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Here’s a newsflash. Women and men are different. This, I realize, is likely not news to you, but an item I came across yesterday might be. The piece in question, “Why Corporate Women Are More Likely to Blow the Whistle” by Maureen Tkacik, appeared on Slate’s DoubleX, and saw me go from zero to completely riled up by the end of the first page. In it, Tkacik talks about “a veritable Davos of Bitches Who Told You So,” including Enron whistleblower Sherron Watkins, Brooksley Born–former chairman of the Commodity Futures Trading Commission, who spent three years pushing for derivative regulation only to be shushed by Alan Greenspan, Larry Summers, and Robert Rubin; Sheila Bair, the only government regulator who can credibly claim to have seen the crisis coming; and Genevievette Walker-Lightfoot, an SEC attorney who smelled a rat in Bernie Madoff-land, way back in 2004.

Such examples are all the more amazing when you consider not just Who and What these women were speaking out against, but when you consider how few women there are in the position To speak out on such issues in the first place. But back to Watkins, who, post-Enrongate, was named one of Time magazine’s 2002 “People of the Year.” At that time, when asked whether she thought women were somehow more ethical than men, Watkins said no. But it seems that, with the passage of seven years, came a change of heart. And perhaps a willingness to claim la difference. Tkacik writes:

She thinks women are more likely to blow the whistle than men, for reasons that have as much to do with nature as with nurture…. Watkins became convinced whistle-blowing was one of the few types of “risk” that come more naturally to women after meeting Judy Rosener, best known for a somewhat controversial 1990 Harvard Business Review article that encouraged working women to stop imitating men and embrace a “women’s way of leading.”

Now, it’s long been believed that, in the battle of the sexes, men are the natural-born risk takers. But, according to Rosener, it depends on what kind of risk we’re talking about: one, which one takes with the encouragement of an audience (think Deal or No Deal… or shortsighted shareholders) is where men tend to excel. The other, which Rosener calls “moral risk” is the kind that one takes in spite of the audience’s disapproval. And that kind is where women excel. Tkacik continues, saying:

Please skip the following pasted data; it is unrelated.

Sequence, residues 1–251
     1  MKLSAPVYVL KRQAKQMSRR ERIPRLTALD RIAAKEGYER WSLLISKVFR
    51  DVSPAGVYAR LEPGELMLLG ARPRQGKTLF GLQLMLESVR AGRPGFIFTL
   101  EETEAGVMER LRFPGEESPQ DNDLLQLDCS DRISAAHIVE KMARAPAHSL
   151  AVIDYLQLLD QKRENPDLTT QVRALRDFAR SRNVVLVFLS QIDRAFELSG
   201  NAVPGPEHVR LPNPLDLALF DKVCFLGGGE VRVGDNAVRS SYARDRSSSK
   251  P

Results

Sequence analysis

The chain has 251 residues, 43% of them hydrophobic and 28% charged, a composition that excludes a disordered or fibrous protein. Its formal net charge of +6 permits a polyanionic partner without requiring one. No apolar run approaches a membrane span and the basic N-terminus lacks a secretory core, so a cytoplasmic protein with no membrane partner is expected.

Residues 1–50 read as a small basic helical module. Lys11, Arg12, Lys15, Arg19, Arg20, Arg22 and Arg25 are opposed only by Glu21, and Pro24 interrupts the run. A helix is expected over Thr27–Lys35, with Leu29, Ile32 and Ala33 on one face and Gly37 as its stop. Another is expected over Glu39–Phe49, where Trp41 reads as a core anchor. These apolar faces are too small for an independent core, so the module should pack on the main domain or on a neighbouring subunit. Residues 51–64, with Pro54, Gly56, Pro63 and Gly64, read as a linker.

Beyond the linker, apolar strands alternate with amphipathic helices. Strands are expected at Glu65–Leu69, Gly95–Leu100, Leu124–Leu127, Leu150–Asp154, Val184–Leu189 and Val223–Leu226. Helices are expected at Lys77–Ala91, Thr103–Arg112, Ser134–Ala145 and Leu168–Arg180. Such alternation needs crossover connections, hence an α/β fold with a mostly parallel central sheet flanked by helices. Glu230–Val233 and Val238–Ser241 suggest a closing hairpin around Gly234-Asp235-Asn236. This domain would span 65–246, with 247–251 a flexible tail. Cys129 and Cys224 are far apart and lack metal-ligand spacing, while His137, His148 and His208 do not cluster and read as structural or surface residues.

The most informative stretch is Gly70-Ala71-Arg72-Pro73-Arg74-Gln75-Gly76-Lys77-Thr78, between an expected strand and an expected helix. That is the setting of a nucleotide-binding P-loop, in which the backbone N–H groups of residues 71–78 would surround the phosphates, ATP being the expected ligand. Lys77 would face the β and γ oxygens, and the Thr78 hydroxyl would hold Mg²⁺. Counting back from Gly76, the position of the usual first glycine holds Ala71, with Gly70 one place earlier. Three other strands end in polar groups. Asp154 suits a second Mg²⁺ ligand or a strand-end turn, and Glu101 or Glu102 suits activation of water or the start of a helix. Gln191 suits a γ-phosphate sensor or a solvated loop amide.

In addition, when women see wrongdoing, they try to fix it within their own organizations. Men, by contrast, tend to alert the media–even though women whistleblowers are the ones more often portrayed as opportunistic “media darlings” chasing Erin Brokovichian adulation.

So yes, in that respect, women are often damned if we do, and damed if we don’t. But that’s not my point (today). Today, my point is this: plotted against a timeline of the modern workplace, women are relatively new to the game. And it made sense that, upon our initial entree, our strategy was to blend in, to play like the boys, even to look like them (one word: shoulderpads). We downplayed our differences, fearing that, if the men smelled fear, insecurity, or Chanel #5, we’d be at an immediate disadvantage. Or maybe kicked out of the club for good. But it seems to me that every time we choose not to own our womanness — and all the differences (like the willingness to blow the proverbial whistle and the tendency to be discreet about it, all despite the fact that we’ll likely be vilified for it) inherent to that womanness — we do ourselves and our gender as a whole a disservice. Several months ago, I came across this interview with Elizabeth Lesser, founder of the Omega Institute, which really gets to the core of the issue. Among other things, Lesser considers how Hillary Clinton’s reluctance to have a “Gender” speech on par with Obama’s “Race” speech — a legacy of the early working woman’s Pretend You’re One of the Boys mantra, perhaps — as a significant factor in her undoing. (On the other hand, look at the treatment Sotomayor received for being forthright on the subject, and who can blame Madame Secretary?) When asked about the recent formation of Omega’s Women’s Institute, Lesser says: